Nonsuicidal self-injury (NSSI) is a prevalent health problem among adolescents and commonly associated with psychological stressors such as childhood maltreatment and comorbid psychiatric disorders (e.g., depression). There is evidence that alterations of immunological markers may occur in the context of both environmental stress and psychopathological development.
Here, we investigated differences in plasma/serum leukocytes, cortisol, c-reactive protein and interleukin-6 in a large sample of female adolescents with NSSI (n = 155) and healthy controls (HC, n = 42). Further, we assessed correlations between inflammatory markers, depression severity and the severity of childhood maltreatment.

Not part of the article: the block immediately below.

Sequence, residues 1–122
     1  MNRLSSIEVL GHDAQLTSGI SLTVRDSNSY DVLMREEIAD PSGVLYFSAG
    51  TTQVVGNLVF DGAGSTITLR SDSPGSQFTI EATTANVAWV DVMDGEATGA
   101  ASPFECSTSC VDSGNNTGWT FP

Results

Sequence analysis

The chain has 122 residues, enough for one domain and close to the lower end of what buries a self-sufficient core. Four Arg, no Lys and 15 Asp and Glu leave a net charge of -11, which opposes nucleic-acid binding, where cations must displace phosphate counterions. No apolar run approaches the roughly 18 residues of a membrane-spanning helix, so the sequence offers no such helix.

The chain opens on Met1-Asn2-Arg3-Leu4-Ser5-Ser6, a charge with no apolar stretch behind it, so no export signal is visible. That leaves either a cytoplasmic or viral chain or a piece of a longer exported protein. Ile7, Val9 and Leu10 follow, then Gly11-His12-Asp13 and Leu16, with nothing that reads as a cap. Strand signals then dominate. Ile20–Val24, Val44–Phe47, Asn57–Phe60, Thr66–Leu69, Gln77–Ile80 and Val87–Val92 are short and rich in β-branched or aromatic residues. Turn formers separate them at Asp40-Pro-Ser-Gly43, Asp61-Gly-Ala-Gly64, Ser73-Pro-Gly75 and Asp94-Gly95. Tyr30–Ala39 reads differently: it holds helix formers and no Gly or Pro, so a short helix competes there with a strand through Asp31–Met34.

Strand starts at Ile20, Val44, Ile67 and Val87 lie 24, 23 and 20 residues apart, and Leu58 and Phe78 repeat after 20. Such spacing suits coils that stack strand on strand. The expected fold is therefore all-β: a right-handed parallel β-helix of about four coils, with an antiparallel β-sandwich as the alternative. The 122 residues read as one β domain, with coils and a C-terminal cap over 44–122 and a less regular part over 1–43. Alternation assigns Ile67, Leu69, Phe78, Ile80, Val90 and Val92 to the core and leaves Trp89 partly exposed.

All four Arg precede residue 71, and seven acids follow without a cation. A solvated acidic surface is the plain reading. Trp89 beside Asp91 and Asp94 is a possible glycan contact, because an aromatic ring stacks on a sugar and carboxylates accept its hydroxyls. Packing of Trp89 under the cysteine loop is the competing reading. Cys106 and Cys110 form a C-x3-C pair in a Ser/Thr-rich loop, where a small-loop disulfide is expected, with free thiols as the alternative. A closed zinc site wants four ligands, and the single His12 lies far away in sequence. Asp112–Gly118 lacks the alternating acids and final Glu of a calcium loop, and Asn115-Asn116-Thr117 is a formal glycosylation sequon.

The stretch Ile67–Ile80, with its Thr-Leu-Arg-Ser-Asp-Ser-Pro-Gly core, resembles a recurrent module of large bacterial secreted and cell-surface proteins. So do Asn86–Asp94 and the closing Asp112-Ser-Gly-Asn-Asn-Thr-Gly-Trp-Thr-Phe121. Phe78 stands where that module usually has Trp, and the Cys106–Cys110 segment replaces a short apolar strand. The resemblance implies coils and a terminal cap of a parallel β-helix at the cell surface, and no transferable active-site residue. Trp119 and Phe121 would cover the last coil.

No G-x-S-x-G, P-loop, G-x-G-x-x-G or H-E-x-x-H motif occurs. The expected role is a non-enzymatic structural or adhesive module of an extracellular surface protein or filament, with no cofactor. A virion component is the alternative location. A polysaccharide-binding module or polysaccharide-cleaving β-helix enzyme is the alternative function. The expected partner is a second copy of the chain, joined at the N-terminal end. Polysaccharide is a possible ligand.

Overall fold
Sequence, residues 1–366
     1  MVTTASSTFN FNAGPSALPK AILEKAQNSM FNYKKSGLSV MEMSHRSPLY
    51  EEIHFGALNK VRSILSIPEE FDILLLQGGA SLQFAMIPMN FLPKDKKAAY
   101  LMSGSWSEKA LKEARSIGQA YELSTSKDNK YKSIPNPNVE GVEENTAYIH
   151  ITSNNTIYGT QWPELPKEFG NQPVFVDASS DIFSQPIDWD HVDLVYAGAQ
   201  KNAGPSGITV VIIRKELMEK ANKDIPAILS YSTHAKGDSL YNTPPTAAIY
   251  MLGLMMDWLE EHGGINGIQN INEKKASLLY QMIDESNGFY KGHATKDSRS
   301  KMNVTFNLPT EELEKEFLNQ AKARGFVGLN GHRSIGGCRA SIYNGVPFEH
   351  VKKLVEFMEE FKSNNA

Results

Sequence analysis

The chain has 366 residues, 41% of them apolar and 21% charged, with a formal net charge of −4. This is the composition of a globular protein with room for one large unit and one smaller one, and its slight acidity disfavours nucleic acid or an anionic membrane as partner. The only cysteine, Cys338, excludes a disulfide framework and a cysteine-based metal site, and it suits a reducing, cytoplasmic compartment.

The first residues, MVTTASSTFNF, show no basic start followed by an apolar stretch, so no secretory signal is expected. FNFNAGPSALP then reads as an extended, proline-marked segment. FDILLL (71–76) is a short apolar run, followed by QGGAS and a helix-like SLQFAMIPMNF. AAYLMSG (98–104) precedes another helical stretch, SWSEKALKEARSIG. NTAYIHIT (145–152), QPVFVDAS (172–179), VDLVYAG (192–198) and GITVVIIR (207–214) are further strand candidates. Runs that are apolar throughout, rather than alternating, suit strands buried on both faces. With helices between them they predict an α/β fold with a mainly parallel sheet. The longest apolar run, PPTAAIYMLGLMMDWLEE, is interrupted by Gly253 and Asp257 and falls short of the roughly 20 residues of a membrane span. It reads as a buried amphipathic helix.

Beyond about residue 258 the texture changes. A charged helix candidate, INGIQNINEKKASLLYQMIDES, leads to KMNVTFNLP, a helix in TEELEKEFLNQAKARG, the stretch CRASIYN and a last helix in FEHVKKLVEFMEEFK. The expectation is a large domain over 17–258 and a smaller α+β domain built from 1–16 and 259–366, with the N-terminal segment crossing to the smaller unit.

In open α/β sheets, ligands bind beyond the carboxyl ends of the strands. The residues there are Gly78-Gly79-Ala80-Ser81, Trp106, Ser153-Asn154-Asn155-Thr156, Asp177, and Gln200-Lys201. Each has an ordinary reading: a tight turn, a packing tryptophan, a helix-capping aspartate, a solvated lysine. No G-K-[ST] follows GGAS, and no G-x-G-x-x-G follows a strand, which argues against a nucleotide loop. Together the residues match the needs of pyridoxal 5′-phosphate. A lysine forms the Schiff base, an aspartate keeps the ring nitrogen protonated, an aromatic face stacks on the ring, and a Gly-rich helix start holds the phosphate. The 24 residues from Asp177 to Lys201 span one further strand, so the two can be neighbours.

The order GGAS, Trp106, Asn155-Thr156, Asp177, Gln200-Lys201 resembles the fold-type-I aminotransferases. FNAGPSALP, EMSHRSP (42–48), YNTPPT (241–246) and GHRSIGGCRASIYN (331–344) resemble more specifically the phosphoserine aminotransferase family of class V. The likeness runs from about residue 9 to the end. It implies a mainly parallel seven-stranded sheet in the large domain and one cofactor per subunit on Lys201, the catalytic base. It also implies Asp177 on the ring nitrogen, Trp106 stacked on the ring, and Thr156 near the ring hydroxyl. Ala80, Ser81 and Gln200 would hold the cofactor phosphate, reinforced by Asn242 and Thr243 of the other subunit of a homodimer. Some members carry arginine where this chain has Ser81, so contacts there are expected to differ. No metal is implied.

The absolute number of leukocytes and the leukocyte/cortisol ratio (adjusted for body mass index and smoking) were significantly higher in NSSI as compared to HC, whereas interleukin-6 and CRP levels did not differ significantly between groups. Childhood maltreatment scores were significantly correlated with the leukocyte/cortisol ratio and depression severity was significantly correlated with both, absolute leukocyte numbers and the leukocyte/cortisol ratio.
Our results suggest that an immune activation can be detected in female adolescents with NSSI. Depression and childhood maltreatment, which are commonly reported in NSSI, may potentially underlie immune activation and partially explain group differences.